Tom Ford’s second feature, , is a movie within a movie, and while both are lushly attractive, full of precise light and deep reds, neither is very good.
Tom Ford’s second feature, Nocturnal Animals, is a movie within a movie, and while both are lushly attractive, full of precise light and deep reds, neither is very good.
Ford, who is more famous as a fashion designer, has an eye for a certain kind of pristine, art-directed beauty — an eye that served him well in 2009’s A Single Man, the film that made me take Colin Firth much more seriously. But no one in Animals can bring the same soul to the movie’s multiple narratives.
Susan (Amy Adams) is a Los Angeles gallery owner too unhappy to relax into the world she’s built with her handsomely bland husband, Hutton (Armie Hammer). Wealth and passivity come easily to her; when she gets a paper cut opening an unexpected package, her household staff finishes the task.
In the package is a copy of her ex-husband Edward’s new novel, Nocturnal Animals, which is dedicated to Susan. As she begins to read, the movie becomes the novel, a well-worn tale of violence and revenge about Tony (Jake Gyllenhaal), whose family encounters a trio of West Texas hoodlums.
Ford finds beauty in the hot desert light, as Gyllenhaal takes long baths and Michael Shannon steals scenes as a morally iffy detective. The film continually cuts to Susan, who’s a stunningly dramatic reader, always dropping the manuscript or gasping. As she reads, the movie adds a third timeline: the story of Susan and Edward (also Gyllenhaal) as young, not-yet-successful New Yorkers.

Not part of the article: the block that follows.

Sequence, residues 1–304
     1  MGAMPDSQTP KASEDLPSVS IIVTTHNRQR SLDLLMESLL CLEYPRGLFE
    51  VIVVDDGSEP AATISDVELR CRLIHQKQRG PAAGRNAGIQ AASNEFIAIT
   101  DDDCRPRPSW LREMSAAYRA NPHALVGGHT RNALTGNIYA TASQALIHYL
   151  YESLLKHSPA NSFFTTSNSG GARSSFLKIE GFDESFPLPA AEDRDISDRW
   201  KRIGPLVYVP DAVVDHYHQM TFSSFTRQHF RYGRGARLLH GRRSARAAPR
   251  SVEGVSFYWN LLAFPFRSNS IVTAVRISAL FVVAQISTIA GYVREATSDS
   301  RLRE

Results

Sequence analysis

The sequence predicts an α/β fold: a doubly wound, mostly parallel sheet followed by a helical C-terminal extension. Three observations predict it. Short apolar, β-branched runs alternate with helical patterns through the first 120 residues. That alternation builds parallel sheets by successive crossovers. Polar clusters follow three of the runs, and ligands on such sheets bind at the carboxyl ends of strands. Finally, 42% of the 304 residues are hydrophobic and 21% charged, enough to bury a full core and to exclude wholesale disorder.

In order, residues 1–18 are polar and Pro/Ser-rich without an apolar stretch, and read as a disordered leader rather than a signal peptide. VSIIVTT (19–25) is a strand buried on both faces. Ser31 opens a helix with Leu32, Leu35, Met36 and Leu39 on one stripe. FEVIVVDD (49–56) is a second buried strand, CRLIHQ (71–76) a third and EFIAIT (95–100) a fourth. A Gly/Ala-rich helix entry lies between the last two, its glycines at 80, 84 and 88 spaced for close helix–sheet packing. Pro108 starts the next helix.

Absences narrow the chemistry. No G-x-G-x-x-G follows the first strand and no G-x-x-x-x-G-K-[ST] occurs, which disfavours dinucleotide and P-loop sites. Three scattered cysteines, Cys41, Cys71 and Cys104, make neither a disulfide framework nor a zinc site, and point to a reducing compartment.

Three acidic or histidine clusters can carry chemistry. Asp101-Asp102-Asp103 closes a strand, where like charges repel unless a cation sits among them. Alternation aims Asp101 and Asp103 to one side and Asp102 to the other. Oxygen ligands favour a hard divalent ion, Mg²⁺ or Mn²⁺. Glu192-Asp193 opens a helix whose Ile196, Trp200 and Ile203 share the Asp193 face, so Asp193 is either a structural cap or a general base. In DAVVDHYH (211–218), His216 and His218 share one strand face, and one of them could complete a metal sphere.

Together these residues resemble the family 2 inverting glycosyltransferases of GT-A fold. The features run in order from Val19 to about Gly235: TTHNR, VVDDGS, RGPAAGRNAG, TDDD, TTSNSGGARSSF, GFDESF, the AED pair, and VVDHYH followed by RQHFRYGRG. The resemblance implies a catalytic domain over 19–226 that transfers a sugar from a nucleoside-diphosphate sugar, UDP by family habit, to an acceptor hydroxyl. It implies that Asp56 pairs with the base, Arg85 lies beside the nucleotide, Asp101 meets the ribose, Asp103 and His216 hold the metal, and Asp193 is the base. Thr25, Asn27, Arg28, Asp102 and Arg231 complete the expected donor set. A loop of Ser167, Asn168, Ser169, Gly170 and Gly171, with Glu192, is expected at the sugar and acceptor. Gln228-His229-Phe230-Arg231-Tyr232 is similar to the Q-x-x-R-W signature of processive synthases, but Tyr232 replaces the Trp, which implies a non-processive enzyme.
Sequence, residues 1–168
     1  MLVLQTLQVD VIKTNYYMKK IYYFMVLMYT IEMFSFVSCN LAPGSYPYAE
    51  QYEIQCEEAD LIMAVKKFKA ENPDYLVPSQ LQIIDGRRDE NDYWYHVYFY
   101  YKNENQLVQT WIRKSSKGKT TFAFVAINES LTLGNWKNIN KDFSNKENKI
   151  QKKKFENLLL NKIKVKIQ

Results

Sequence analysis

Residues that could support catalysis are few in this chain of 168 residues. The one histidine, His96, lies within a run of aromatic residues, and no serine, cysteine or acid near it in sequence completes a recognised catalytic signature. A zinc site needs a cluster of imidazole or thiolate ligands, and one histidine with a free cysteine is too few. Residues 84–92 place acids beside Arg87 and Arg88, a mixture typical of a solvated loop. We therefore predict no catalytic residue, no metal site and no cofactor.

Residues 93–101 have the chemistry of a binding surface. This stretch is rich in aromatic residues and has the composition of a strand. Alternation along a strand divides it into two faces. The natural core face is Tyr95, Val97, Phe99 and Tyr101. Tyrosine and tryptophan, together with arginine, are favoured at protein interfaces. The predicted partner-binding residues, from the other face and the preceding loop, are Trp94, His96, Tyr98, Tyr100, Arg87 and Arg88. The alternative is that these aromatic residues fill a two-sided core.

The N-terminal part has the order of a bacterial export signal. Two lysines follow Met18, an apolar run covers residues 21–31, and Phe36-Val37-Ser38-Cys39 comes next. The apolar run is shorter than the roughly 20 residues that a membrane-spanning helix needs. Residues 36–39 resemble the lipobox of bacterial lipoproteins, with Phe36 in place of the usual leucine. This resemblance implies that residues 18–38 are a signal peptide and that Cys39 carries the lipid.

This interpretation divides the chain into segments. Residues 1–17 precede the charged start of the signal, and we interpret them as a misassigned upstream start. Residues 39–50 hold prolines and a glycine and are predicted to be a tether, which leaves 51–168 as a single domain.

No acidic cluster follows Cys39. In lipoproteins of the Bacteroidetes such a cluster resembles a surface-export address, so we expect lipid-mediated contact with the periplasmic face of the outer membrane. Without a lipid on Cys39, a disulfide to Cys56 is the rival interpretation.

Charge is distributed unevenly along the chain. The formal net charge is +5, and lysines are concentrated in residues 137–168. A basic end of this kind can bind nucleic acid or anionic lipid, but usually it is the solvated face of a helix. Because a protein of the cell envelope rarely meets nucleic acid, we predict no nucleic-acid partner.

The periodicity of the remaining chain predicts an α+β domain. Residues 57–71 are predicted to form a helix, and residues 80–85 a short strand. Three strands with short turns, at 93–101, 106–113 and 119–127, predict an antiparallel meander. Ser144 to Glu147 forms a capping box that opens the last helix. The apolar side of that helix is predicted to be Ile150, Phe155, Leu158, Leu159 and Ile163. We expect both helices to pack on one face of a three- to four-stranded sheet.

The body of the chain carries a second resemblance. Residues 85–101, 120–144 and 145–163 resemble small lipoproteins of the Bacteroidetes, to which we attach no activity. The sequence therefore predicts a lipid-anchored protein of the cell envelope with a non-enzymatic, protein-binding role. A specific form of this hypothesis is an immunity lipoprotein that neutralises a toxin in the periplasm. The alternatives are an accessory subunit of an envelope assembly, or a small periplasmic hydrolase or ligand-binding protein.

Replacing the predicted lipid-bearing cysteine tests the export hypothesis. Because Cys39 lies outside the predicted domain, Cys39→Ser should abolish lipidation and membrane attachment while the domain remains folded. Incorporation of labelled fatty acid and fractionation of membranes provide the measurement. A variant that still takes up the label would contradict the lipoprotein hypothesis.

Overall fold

It’s clear that Edward has not written anything like this book before; it’s also clear that he never took Susan’s advice to write about something other than himself. Through Tony’s story, Edward indicts Susan as the architect of both of their unhappiness. Her parallel character isn’t Laura, the fictional wife, played by Adams lookalike Isla Fisher; Susan is the threat, the wild-eyed predators who drive Tony’s family off the road in the night.
If you are inclined to be very, very generous, to overlook the clichés and heavy-handed mirroring between narratives, you might be able to view Ford’s film (based on a novel by Austin Wright) as something of a perspective on toxic masculinity. This would be easier if Susan had more to do than react to Tony’s, and by extension Edward’s, tale — a tale that appears to end when Edward, having concluded his revenge fantasy, finally exhausts his need to turn Susan’s emotions to his own ends.
There are bright spots in Nocturnal Animals, including too-brief appearances from Jena Malone and Michael Sheen. Adams, in heavy eyeliner, stares compellingly into the distance as her ex’s fiction makes her question all of her choices, but it’s hard to get past the way Tony, and by extension Edward, appropriates everyone else’s pain as his own. Is it a commentary on novelists? On art people who no longer connect to art? Or just an excuse to make two films at once, and let Amy Adams sprawl on expensive couches for a spell?
As shallow as it is pretty, Nocturnal Animals seems to have misplaced its heart. Perhaps it’s stuffed in one of the closets in Susan’s house, put there by a butler who saw no pressing need for such a thing. (Broadway Metro)